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Sorry for the dumb question. Some ions used in quantum computing are Yb171+, Be9+, Ca43+.

According to this ionic numenclature, "We have seen that some elements lose different numbers of electrons, producing ions of different charges (Figure 3.3). Iron, for example, can form two cations, each of which, when combined with the same anion, makes a different compound with unique physical and chemical properties. Thus, we need a different name for each iron ion to distinguish Fe2+ from Fe3+. The same issue arises for other ions with more than one possible charge."

But now my question is, what does it mean then the numbers in the elements of the examples I have written above? For instance, calcium has 20 protons, neutrons and electrons, so it can't lose 43 electrons... What does it mean then the above notation?

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The numbers you are seeing are labeling the isotope, not the charge. For example, they are specifying the isotope of calcium that has 43 nucleons. Since calcium by definition has 20 protons, this means the isotope used has 23 neutrons. Wikipedia says that this isotope is one of the 5 stable isotopes of calcium, so even if it's not as common as $^{40}$Ca it's still usable.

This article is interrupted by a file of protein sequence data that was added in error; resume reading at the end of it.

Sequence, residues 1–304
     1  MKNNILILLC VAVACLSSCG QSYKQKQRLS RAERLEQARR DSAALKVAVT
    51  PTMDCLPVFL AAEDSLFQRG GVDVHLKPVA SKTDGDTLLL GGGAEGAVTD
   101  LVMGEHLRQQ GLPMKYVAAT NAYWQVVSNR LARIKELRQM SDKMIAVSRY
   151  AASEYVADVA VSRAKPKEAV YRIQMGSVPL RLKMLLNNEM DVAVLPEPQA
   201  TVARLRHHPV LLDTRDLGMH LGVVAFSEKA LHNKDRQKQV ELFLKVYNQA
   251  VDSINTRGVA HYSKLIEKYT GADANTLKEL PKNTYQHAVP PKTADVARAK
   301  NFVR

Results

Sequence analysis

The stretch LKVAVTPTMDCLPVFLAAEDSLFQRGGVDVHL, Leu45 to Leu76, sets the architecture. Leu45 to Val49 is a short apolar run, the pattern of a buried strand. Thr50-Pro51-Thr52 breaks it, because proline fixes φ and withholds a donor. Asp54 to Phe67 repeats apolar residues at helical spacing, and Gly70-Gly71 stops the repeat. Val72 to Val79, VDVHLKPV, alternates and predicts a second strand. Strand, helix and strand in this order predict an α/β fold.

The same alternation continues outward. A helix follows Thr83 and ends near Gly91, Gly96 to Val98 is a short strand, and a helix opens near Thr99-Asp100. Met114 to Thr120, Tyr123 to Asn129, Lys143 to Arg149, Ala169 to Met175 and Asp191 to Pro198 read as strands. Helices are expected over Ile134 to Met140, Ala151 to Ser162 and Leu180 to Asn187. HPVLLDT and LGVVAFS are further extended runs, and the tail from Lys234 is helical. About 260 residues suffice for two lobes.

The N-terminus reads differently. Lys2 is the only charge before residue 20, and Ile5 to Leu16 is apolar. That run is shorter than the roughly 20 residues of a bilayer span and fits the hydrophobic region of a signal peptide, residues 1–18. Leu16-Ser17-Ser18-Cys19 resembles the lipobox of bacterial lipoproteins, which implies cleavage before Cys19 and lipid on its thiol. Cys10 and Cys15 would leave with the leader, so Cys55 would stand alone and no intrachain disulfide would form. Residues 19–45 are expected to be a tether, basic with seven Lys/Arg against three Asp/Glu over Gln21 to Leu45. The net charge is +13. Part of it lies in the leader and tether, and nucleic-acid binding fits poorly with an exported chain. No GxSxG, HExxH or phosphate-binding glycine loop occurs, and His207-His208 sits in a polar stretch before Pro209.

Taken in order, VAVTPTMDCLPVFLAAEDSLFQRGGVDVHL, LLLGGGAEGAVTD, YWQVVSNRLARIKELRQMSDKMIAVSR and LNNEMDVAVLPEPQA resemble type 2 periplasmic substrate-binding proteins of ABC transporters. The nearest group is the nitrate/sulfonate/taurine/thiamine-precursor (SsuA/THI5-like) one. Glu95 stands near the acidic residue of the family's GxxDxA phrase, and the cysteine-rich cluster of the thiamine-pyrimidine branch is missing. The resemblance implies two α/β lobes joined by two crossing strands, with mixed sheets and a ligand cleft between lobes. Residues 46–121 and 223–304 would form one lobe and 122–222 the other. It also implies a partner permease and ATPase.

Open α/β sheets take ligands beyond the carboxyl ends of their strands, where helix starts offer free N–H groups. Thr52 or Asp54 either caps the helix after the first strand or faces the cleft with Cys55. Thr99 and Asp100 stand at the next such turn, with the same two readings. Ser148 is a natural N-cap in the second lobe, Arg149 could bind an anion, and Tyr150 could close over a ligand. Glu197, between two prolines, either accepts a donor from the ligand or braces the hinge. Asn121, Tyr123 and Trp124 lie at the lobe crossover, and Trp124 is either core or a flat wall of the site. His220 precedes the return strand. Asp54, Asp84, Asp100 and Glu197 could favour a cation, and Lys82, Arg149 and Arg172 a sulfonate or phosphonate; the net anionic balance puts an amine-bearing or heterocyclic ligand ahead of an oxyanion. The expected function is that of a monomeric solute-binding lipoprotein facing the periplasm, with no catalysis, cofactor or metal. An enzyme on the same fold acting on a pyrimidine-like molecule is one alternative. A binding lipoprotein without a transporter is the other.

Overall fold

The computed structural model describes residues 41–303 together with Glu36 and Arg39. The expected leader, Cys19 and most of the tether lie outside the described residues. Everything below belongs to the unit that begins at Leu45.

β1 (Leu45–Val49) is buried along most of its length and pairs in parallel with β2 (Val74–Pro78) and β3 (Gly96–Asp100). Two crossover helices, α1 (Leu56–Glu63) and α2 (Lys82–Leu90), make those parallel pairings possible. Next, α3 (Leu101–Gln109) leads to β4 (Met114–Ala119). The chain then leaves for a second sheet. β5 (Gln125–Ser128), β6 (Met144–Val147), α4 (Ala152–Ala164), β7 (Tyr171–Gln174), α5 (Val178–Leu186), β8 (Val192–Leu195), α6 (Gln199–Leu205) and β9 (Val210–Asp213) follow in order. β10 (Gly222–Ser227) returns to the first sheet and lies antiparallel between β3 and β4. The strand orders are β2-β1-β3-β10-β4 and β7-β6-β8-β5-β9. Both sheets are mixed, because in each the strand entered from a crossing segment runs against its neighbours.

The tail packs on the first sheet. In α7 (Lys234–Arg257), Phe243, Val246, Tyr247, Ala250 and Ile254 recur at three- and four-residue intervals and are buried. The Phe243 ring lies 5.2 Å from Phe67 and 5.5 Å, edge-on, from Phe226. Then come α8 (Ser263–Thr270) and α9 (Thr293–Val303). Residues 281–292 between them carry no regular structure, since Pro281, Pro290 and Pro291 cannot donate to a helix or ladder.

It's more clear with a notation with the isotope number written before the letters, like ${}^{43}$Ca$^+$, but you'll have to deal with whatever a source tells you. Good to keep your question in mind - since you know calcium won't be losing 43 electrons, you know that number must be the isotope number.

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  • $\begingroup$ And then what does the + means? Losing of just one electron? $\endgroup$ Jan 22 at 15:50
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    $\begingroup$ @user2820579 yes. The idea is that something like calcium has two valence electrons, so if it loses one electron it becomes ionized (such that it can be moved around by electric fields) and it now has a single valence electron that behaves in many ways like the electron of a hydrogen atom (so you can have Rydberg ions, if you want) $\endgroup$ Jan 22 at 16:52
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    $\begingroup$ @user2820579 e.g., read Ion Trap Quantum Computing with Ca+ Ions and see that they use the notation I mentioned and they compare the merits of $^{40}$Ca$^+$ and $^{43}$Ca$^+$ $\endgroup$ Jan 22 at 16:54

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